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Putting on a Show

So it happened – someone from my family found this blog.

A friend of mine ran a portion of one of my entries on her online magazine a few months ago. It was published anonymously, just the like the blog, though it ran with a picture of me as a child.

Recently, the same friend published a short story of mine. It ran with my name and I posted the link on Facebook, having forgotten about the blog entry that linked here.

One of my younger cousins, Larissa, is my friend on Facebook, and she was nice enough to read the story. She looked through the rest of the magazine and found the picture of me, and then she found everything else. When she emailed me to say she found the blog, I thought I might throw up all over my keyboard. 

It’s hard to describe what I’m so afraid of. I’ve kept this project a secret from my family, and that alone makes me feel like I’m doing something wrong because secrets=something worth hiding. But I don’t really think I’m doing anything wrong. My parents are dead, and I can post their shit online and process our lives in a public space if I want to. 

I have a compulsive need to understand myself and the world, and sure, this need sometimes results in more confusion than clarity. My need to process what happened in my family might seem strange to some of my other family members, and they might feel betrayed by what I’ve been up to here. I don’t want to betray anyone and I don’t want anyone to think that I think that my opinions and experience are universal or definitive. 

Betrayal is an oft-discussed aspect of non-fiction writing: who you talk about and why, what you say, and how people feel when they discover what you’ve done. You’re always betraying someone or “selling them out.” It’s old idea, but a new experience for me. Because this project is an experiment, I feel entitled to do whatever I want. I’m just having thoughts online so what’s the big deal? It’s not, like, my thing. My thing is fiction and not picking my clothes off the floor. Though I feel entitled to this project, I don’t yet have the convictions or hubris necessary for writing personal nonfiction that someone probably needs—“this is my right, my duty, my life, screw you.” My feelings are more along the lines of, “I want to do this, please don’t be mad.” 

Back to my cousin Larissa. Though I was freaking out (having these and a million other thoughts in about three seconds) she was nothing but supportive, and assured me she’s not friends with her parents on Facebook, which means they’re not likely to find this site. After I calmed down I realized I was lucky she found her way here.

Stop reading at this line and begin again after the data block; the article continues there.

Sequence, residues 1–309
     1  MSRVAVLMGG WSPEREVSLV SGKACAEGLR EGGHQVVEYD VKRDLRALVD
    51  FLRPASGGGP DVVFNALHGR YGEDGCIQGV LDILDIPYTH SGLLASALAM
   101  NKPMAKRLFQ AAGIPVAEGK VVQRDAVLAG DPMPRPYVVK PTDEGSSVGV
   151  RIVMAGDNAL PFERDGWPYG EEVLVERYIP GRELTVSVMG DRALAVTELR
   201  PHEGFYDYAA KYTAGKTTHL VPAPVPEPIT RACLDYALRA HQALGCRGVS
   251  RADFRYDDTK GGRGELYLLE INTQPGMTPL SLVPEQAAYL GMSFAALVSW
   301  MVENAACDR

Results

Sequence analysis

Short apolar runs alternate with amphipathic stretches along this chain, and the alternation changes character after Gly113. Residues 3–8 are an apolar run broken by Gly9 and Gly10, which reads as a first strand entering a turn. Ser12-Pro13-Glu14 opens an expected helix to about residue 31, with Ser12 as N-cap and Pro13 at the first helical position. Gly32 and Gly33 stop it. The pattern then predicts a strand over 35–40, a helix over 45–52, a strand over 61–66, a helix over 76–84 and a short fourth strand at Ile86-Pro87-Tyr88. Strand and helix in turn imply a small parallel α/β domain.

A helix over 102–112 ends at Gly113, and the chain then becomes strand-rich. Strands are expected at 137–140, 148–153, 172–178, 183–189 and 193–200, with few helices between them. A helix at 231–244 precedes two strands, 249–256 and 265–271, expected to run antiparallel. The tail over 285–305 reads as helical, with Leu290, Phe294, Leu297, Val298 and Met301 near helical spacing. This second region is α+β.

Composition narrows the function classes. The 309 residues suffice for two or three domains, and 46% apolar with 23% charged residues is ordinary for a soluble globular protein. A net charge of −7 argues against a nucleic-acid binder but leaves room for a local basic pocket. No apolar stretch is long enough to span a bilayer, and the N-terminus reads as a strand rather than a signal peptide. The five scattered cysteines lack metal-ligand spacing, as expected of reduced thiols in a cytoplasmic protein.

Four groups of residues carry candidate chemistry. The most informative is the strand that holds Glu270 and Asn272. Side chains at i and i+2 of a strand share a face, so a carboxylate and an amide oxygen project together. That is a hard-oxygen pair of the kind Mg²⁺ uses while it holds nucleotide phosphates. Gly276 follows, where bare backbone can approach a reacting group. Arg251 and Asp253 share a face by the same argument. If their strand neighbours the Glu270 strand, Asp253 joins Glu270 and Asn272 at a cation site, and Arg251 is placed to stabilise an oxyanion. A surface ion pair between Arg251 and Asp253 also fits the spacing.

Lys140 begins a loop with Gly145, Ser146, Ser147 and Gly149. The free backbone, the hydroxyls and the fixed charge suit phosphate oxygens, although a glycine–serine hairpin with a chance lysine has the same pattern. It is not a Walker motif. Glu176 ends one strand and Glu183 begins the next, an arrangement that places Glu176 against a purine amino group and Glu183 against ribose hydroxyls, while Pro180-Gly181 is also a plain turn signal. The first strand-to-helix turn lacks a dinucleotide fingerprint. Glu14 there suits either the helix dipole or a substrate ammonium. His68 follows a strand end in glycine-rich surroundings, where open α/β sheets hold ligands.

Larissa is a performance artist and writer, and she knows a lot about art and performance theory, things I know nothing about. Her background, combined with her knowledge of me and my family, which is at once intimate and superficial, means that she could give me insight on this project that no one else could.

Here’s a brief compilation of her emails:

 After reading your short story I started browsing the site to get an idea of it… and happened upon your text about “my dead parents” and your photo… and I began reading your site. It’s an amazing project - personal, performative, public. Most remarkable being the correspondence with your father’s not-mistress, and how it is evolving…

Finding and reading your anonymous, yet totally recognizable to me, text & website was rather strange. Because I found myself in a strange vacillation between reality and “fiction”, as any kind of concentrated artistic gesture exists in a certain plane that is real/not-real at the same time. I read the texts with a slight feeling of voyeurism, but also from the distance that is created by the context - as voices of characters telling their stories. 

The questions of what is life? What is art? Where does one end and the other begin? Where are they overlapping? are constant in my mind, especially since becoming involved with performance art (from a practical and even more so theoretical position). As per my own existence, I’m continually experiencing shifting perceptions of the boundary between the personal/private/intimate and the public/revealed articulation.  

Personal connections aside, I’m excited about your project from the point of view of a curator: it embodies ideas of intimacy, fortuity, and art-as-life/life-as-art that I’m currently thinking about. 

I’d never considered this blog a performance. I’ve never considered writing a performance. It’s creation, communication—I guess it’s a gesture (mmmm, well?)—but I don’t think writing fiction is a performance. If anything is being performed, it is the act of writing, nothing else.

And I’ve never thought much about the whole life vs. art, where does one end and the other begin? thing, either, because my personal life doesn’t directly inform my writing and there are obvious and strong boundaries between my life and art (I hate referring to “my art” and hope I never do again). But that’s changed, and I suppose those lines are blurred now. I am performing something, and Larissa’s emails forced me to consider just what that is. My ambivalence? My grief? My need to understand? I thought I was non-performatively performing an investigation, but I guess my investigation and overall searchingness is a performance in itself. 

— 2 years ago with 10 notes
#longreads  #family  #grief 
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